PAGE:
Whisky Magazine Issue 61
This article is 10 years old and some information provided may be time sensitive. Please check all details of events, tours, opening times and other information before travelling or making arrangements.
Copyright Whisky Magazine © 1999-2017. All rights reserved. To use or reproduce part or all of this article please contact us for details of how you can do so legally.
Kate Ennis looks at why the Italians have such a passion for whisky
The sharply tailored Armani suit, the Rolex watch, the Ferrari sports car… not forgetting the Gucci sunglasses, of course.
The Italians are renowned for their instinctive style and good taste and ‘Fare la bella figura' (to look good) is an activity they've made a true art form.
Within its world of luxury, no wonder whisky carries such great cachet. Ordering a whisky in an bar is all part of that emphatic lifestyle statement.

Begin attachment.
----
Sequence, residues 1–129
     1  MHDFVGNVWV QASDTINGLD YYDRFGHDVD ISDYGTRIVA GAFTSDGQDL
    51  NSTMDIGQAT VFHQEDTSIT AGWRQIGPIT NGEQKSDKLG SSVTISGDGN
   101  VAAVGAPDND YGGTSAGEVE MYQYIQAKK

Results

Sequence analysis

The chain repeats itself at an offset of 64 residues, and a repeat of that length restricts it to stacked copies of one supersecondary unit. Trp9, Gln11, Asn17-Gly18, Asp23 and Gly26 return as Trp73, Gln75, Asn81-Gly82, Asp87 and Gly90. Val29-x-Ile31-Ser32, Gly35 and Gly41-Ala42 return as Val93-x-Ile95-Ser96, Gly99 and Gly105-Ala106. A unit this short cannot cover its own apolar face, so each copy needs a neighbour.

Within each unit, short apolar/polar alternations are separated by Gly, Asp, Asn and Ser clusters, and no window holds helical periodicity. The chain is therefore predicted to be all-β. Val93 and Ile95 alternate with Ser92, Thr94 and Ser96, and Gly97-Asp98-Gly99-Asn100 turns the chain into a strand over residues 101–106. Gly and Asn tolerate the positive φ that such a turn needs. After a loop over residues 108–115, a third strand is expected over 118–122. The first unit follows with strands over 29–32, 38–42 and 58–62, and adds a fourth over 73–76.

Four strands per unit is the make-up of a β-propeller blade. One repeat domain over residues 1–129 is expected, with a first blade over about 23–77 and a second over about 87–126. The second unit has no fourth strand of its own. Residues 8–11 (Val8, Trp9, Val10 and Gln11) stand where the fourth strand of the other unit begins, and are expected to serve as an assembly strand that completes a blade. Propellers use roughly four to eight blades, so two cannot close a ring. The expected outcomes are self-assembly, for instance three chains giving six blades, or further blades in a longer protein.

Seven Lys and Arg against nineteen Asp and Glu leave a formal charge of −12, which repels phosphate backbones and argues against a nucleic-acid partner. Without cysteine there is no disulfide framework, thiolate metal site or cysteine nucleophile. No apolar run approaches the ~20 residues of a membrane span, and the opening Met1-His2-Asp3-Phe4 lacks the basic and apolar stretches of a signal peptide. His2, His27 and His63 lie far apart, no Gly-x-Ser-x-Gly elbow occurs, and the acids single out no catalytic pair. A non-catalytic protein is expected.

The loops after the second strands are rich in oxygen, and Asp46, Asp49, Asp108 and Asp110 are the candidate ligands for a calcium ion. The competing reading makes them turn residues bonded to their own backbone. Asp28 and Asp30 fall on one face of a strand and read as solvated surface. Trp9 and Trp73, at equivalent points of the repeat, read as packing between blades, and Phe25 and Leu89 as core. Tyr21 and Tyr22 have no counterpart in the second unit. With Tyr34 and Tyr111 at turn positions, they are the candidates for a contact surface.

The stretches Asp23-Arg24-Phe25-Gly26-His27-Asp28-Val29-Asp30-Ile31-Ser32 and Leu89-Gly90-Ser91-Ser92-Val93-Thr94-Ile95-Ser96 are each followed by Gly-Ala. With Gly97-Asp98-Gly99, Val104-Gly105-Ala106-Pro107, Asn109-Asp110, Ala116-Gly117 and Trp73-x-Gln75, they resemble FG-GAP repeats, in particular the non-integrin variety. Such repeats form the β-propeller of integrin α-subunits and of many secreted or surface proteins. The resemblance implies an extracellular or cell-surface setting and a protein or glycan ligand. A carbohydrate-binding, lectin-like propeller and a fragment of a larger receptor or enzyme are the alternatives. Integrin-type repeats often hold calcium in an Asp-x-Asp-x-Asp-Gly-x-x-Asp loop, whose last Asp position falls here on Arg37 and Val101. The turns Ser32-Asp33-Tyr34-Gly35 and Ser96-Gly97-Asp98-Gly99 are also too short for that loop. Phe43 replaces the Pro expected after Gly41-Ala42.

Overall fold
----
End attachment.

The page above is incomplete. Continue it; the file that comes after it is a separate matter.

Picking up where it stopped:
Scotch imports first arrived on to Italian shores during the late 1800s, as people were becoming more cosmopolitan and they desired foreign goods that carried a certain allure.
The whisky brands emerging at that time were blends such as Dewar's White Label, White Horse and J&B. Between the World Wars, less travel opportunities meant that the limited imports maintained their worldly glamour.
The 1920s saw the creation of legendary nightclub Harry's Bar in Venice and although it may be most famous for the Bellini, whisky was also a popular serve here, with high demand for Scotch and bourbon, Whisky Sours and Manhattans.
It was in the late 1950s when Parma-based whisky importer and bottler, Ernesto Mainardi, first discovered whisky.
Working in hotel bars in his mid teens he became fascinated with Scotland and its distilleries.
He believes whisky was accepted so readily in Italy because: “Italians were used to drinking neat spirits but whisky is mellower than grappa and brandy, which are both strong and hard to digest” he says.
“With the co...